I used to teach 5th grade, and the day I figured out that it didn’t matter what I said to my kids as much as how they heard what I said, I became a good teacher. “Be quiet” to me was a simple command that meant, “If I hear another sound I will burn your future to ash.” But depending on the student, it might mean ” I can talk, just not as loudly as before.” Was a differing interpretation of words the culprit in every case? No. But more often than not, finding a different/better way to explain what I wanted and why was the key to moving forward.
In the same way, coaches and athletes can have different interpretations of words. A coach saying “keep your stomach tight” might get one athlete to brace themselves better, but might cause another to suck in their gut like someone just whipped out a camera at the beach.
Things get even more complicated when we start talking about things with emotional baggage like personal goals. An athlete saying, “I want to lose weight” is probably “I want to look better” which is actually “I need to improve body composition by losing fat and gaining muscle” which is actually “my nutrition is going to determine success more than what I do in the gym.” To get to the real meaning behind the words might take some digging, and is something both the coach and athlete need to be consciously committed to figuring out together.
As coaches, it’s our responsibility to figure out what words to use with whom in order to be the best coach for them (italics). As athletes, we might need to be better at expressing our understanding with our coaches so they can get a better idea on how to help us improve.
Screwdrivers and hammers. Both are tools that accomplish similar things, they just work a bit differently. There are strengths and weaknesses of each, and both can be used to create something epic. But nobody brags about their hammer or claims that it’s the only thing that can build a house. You wouldn’t say “Yeah, the house I just built is beautiful, but check out this hammer!” Focusing on the tools instead of on the process and the product is missing the point.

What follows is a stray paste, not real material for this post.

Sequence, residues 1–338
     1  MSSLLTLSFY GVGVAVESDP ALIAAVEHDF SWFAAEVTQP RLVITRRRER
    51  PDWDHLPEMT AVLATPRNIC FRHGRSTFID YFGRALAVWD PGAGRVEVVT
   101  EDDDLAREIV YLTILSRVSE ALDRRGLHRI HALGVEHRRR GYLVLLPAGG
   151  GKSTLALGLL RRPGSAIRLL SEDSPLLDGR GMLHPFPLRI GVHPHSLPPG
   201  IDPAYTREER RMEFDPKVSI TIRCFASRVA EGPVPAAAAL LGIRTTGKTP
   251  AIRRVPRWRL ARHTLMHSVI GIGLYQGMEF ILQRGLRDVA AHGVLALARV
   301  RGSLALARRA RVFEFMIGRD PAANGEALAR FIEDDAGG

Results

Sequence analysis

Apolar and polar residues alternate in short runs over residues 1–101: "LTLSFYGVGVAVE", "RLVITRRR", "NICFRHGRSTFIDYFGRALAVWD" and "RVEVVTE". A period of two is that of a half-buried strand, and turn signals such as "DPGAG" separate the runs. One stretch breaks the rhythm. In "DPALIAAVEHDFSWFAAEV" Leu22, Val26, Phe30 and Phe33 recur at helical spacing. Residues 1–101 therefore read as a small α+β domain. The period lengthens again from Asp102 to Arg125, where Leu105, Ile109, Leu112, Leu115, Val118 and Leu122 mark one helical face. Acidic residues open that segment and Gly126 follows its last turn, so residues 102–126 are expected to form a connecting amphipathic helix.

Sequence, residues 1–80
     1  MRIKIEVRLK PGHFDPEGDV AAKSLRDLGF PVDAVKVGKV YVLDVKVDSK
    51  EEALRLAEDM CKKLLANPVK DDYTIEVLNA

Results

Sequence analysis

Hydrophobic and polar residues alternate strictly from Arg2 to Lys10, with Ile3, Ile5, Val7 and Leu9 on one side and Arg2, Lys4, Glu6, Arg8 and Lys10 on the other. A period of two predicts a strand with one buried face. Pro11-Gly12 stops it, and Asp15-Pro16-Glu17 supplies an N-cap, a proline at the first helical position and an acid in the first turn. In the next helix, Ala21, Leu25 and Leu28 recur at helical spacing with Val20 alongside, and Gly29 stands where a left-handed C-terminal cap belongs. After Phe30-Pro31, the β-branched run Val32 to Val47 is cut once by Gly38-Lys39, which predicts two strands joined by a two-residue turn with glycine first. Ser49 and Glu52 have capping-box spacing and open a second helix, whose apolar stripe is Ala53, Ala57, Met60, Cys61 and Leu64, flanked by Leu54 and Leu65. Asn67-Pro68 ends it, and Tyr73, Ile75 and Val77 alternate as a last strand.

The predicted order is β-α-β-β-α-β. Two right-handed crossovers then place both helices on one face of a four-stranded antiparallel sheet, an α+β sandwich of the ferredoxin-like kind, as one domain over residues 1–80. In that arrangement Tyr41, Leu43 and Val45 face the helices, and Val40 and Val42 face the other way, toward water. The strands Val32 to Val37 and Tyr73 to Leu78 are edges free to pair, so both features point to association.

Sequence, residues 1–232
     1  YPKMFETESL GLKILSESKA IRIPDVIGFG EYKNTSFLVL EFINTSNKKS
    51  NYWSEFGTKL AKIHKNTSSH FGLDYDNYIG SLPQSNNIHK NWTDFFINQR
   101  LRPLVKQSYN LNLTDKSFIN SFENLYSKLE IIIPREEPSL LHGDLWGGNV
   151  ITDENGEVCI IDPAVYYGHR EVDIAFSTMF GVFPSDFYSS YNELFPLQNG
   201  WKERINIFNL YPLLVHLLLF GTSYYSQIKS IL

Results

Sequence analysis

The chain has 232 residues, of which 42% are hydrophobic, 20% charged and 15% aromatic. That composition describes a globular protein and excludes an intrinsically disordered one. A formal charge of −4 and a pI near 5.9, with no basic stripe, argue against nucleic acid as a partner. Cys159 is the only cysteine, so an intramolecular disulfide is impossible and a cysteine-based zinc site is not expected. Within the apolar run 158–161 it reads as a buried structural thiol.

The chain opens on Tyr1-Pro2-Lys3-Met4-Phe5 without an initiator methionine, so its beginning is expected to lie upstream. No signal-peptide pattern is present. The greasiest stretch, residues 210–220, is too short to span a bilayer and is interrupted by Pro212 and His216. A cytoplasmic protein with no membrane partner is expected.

Equipment is equipment and not moral high ground. Barbell Justice Warriors make it seem like you can’t test whether or not someone is fit unless you put giant pieces of rubber on a pole thing and see how fast they can lift it. The cinder-block lifting, “I train in a farmhouse in the snow of Siberia without equipment so shut up you crybabies” crew is the CrossFit equivalent of “When I was your age, I had to walk to school in the snow uphill both ways!!!”
How you use the tools and what you create with them is what matters. I get where both sides are coming from – barbells are a great tool, a test of fitness and have served as a centerpiece in CrossFit for the last few years. The “cinder blocks and sandbags” crew believes you can do a lot with a little, and that huge fitness doesn’t require a huge bank account.
But all this banter about barbell vs. other pieces of equipment is misdirection. It’s not the about the means, it’s about the process and the product. Decide what you want and then use the right tools (all of them) to get it.
Project Warhorse is designed for people we’ve dubbed “the hardcore casual” – athletes who want more/more serious training than a typical class but also have primary goals other than becoming an elite level CrossFit athlete. Gaining strength, creating muscle, building an engine all while incorporating strongman, bodybuilding, and aerobic work into the constantly varied fitness bubble. ~There are some negatives of this philosophy of programming. “Serious athletes” are willing to throw a lot of money at coaches if they think it will help them make Regionals/the Games/win. Telling a group of people with a lot of money and competitive aspirations that we will snatch and clean and jerk once or twice a week, do bicep curls, only start kipping movements two or three months out from the Open, and do a crap ton of work where I tell you “DON’T GO AS HARD AS YOU CAN” isn’t a good way to make the most money in the soonest amount of time.